view zithromax price If I’m honest with you, I hadn’t planned a lot for the early May bank holiday. I’m usually that conserve http://urbannests.in/91636-wellbutrin-generic-cost.html person who loves to be on the move, doing something 24/7. Even though that’s great most of the time, it can also be a curse. Am I keeping up with everyone else? Am I pushing myself to my absolute limits? Am I making every single minute of this day count? The real question here is, who am I doing this for? For the most part, it’s me. However, I noticed I had got into a bad habit of saying yes all the time, not always because I wanted to. There’s
http://www.wayofhealthandhealing.com/63565-misoprostol-canada.html differentiate It’s certainly been a learning curve saying no to some of the fun things life throws my way and making way for more “me” time. Sometimes it’s an uphill struggle for sure, and I can feel the pangs of guilt seeping back in. However, this bank holiday I took three days of (almost) no plans in my stride. It was actually really nice to mosey about the flat and enjoying a leisurely morning routine on Saturday – not something I have time for on a regular day. I even went for coffee to read my book for an hour and trust me, it felt pretty damn good!
doxycycline price We’d also been invited to some family friends on Sunday, a yearly tradition for both our families to get together. That’s what bank holidays are for – spending time with good people, and if good food’s involved too then it’s a win-win situation. By Monday though, I was nursing a serious hangover. The hang-xiety was awful. I was wasting the day. But then, I let it happen. I relished the sofa snugs and the sausage sandwiches lathered in ketchup that my boyfriend so kindly made for me. There’s something rather comforting in being ok with the present. Not worrying about what’s happened, or what you should be doing, is quite empowering.
over here We put so much pressure on ourselves sometimes to live lives choc-full of everything that comes our way. We can lose sight of being ok doing absolutely nothing, or forget to ask ourselves: do I actually want to do this? If something good came out of a day where ‘nothing’ was the agenda, it was blueberry muffins. Light, fluffy blueberry muffins. I’m still working on the whole me-time thing, but at least I found time for myself this weekend in a little life pleasure such as this.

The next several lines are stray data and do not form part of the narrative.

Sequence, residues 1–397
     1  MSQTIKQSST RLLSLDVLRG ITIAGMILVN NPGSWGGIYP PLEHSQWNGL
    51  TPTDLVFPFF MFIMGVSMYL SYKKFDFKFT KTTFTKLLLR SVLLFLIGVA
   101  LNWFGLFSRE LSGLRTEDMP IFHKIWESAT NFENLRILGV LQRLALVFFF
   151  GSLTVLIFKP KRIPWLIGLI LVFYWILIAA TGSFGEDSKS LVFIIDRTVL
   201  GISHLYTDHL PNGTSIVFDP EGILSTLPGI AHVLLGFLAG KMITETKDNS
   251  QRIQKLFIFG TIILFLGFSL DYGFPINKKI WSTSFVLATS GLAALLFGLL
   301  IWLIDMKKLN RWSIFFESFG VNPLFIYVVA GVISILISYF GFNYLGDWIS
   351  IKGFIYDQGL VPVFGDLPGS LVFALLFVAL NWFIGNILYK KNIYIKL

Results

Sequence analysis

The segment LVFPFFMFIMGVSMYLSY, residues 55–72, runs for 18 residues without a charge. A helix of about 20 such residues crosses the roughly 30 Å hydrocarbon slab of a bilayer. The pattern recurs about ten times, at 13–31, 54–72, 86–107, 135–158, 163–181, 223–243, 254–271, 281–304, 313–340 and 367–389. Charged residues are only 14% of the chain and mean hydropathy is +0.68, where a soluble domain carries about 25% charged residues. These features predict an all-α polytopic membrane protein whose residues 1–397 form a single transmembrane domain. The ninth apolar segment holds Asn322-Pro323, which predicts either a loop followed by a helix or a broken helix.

355g plain flour
1 tsp bicarbonate of soda
1 tsp baking powder
½ tsp salt
2 tsp grated lemon zest
57g unsalted butter, melted and slightly cooled
½ cup rapeseed oil (about 80g)
1 ¼ cups crème fraîche
2 tsp vanilla extract
149g caster sugar
1 large egg
¼ cup lemon juice
1. Preheat the oven to 190C / 375F and put liners into two standard 12-cup muffin tins, filling 16 of the cups.
2. Whisk the flour, bicarbonate of soda, baking powder, salt and lemon zest in a large mixing bowl. Make a well in the centre.
3. In a large bowl, whisk the butter, oil, crème fraîche, sugar, egg and lemon juice until completely combined.
4. Pour the wet ingredients into the well in the dry ingredients and mix gently until almost combined.
5. Fold in the blueberries until just incorporated, being careful not to overwork the batter.
6. Scoop the batter into the prepared tins, filling the muffin cups two-thirds full.
7. Sprinkle the tops with a little sugar, if you like. Bake for 18 – 22 minutes, until the edges are golden brown and a wooden skewer or toothpick inserted into the centre comes out clean.
Adapted from Sarah Kieffer’s The Vanilla Bean Baking Book